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BENT NIGHTS Eli 'Paperboy' Reed; Chairlift
Special to the online edition of Windy City Times
by Vern Hester

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BWhat has defined and separated Eli "Paperboy" Reed from the growing pack of soul revivalists is his lack of pretension. Where critics and fans stumble over themselves blessing Leon Bridges and Adele for resurrecting icons of yore ( Sam Cooke and Dusty Springfield, respectively ), Reed loves to get down and dirty from the word "go." His music and vocals are so brazen that it is no wonder he has found himself pegged as "alternative rock" rather then "soul."

As demonstrated by his nearly sold-out blow-out at The Empty Bottle on March 26—in support of his upcoming full-length CD My Way Home ( Yep Roc Records )—Reed still cares little for flash while favoring a vocal attack closer to gutbucket blues. Fortunately, the new release is more of what has made him a slightly underground sensation ( the audience at this Empty Bottle show was a good 20 years older then the usual crowd ) while the production and his singing are as unfussy as possible. In short, My Way Home is the "good stuff."

The title song—a measured, almost mid-tempo blues strut—has the intensity of naked gospel, and the tremble in Reed's voice is not only heartbreaking but gives the recording a dramatic suspense. "Hold Out" rumbles and rattles with near violence and exposes Reed as having just a little too much fun singing his heart out ( its hard to fault him on that ).

If the new CD has meat and muscle on the grooves, it says nothing for what Reed did with his band ( Michael Montgomery, J.B. Flatt, and Noah Rubin ) onstage. Eschewing charming chit-chat between songs, Reed plunged the room into an emotionally turbulent barrage of hard edged unadorned soul. Mixing large chunks of My Way Home with classics from his previous three full-length CDs ( "Come and Get It," "Shock to the System" ), Reed and his crew seemed to delight in topping each song constantly

There were so many show-stoppers and they came with such a breathless velocity that it was hard to find a climax, but two of the new songs left me in a daze. "Your Sins Will Find You" was so brutal, searing and compelling that it nearly upended everything that came before it. An unplugged reading of "Lord Can We be Saved?"—with Reed and his band singing in perfect harmony—had the bare, exhausted, remorseful tone of a chain-gang lament. The song is the kind of intensely deep spiritual workout that nobody dares to record anymore and left me wondering if Reed is a mere mortal or comes from the heavens.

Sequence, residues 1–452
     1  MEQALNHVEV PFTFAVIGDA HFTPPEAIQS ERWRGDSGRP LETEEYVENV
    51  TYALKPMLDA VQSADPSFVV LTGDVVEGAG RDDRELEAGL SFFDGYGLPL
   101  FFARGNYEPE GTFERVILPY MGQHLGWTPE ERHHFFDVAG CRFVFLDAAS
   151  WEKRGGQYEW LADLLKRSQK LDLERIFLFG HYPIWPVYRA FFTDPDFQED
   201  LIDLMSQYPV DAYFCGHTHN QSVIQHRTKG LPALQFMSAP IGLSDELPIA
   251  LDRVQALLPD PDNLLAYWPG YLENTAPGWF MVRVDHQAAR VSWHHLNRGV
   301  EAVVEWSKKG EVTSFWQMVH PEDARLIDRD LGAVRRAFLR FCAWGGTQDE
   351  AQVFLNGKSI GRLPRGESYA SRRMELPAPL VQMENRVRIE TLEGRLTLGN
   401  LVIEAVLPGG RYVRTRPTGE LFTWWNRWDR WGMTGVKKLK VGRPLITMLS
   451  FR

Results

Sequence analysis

If Reed sounds like an angelic original, electro-pop duo Chairlift always felt like ABBA for the new century to my ears. Yes, Caroline Polachek has a voice of arresting purity and partner Patrick Wemberly has a deft hand at production, but there was always a lack of gravity in the music which made them sound too decorative for my taste. Chairlift broke out with the wordy, ironic, delightful love song "Bruises" ( "I'm pink and black and blue for you..." ), but the duo's synth-pop lacked engagement ( unlike The Human League ), bite ( Pet Shop Boys ) or weight.

Clearly I am not an ABBA fan, but like vocalist Frida Lyngstad—who found her inner bitch once Phil Collins got his mitts on her ( "I Know there's Something Going On" )—Chairlift has not only found that sonic substance but a new soul as well. On the new Moth ( Columbia Records ) and a sold-out show at The Double Door on April 2, they made it a point to show off a big fat throbbing heartbeat under the gloss.

For starters, "Unfinished Business" is a careful, even cautious meditative ballad with Polachek displaying a crack in the veneer of her glacial voice, giving the throbbing production a touch of dangerous drama. "Ch-Ching," with its hip-hop-influenced percussion, is bouncy arrhythmical ear candy but the real fun is on "Crying in Public" and "Romeo." The former is the sound of luxurious despair: precise, subtle, crystalline, and unnervingly beautiful. "Romeo" on the other hand is the Chairlift corker I've been waiting for, melding pop, funk, and disco into an intoxicating brew, it brings back the notion of delirious dance floor abandon that we rarely get anymore.

If I had a doubt that Polachek and Wemberly could ignite the dance floor, that notion went to rest at The Double Door as the duo careened through much of Moth ( "Show U Off," "Ottawa to Osaka" ) and old favorites ( "I Belong in Your Arms," "Sidewalk Safari" ). Polachek wafted and twirled onstage like a music-box ballerina and sang like a quaint seductress putting Chairlift in a proper perspective. Clearly Polachek and Wemberly have a brand-new bag that should take them to a new height.

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